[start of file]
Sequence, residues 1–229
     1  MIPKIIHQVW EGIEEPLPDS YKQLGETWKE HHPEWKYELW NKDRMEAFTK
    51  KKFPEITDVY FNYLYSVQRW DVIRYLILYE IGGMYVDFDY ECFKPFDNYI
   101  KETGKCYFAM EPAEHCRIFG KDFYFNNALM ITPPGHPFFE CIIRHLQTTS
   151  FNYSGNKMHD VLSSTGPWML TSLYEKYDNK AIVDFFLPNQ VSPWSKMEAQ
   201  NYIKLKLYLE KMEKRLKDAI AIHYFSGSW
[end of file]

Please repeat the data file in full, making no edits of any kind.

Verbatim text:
Sequence, residues 1–229
     1  MIPKIIHQVW EGIEEPLPDS YKQLGETWKE HHPEWKYELW NKDRMEAFTK
    51  KKFPEITDVY FNYLYSVQRW DVIRYLILYE IGGMYVDFDY ECFKPFDNYI
   101  KETGKCYFAM EPAEHCRIFG KDFYFNNALM ITPPGHPFFE CIIRHLQTTS
   151  FNYSGNKMHD VLSSTGPWML TSLYEKYDNK AIVDFFLPNQ VSPWSKMEAQ
   201  NYIKLKLYLE KMEKRLKDAI AIHYFSGSW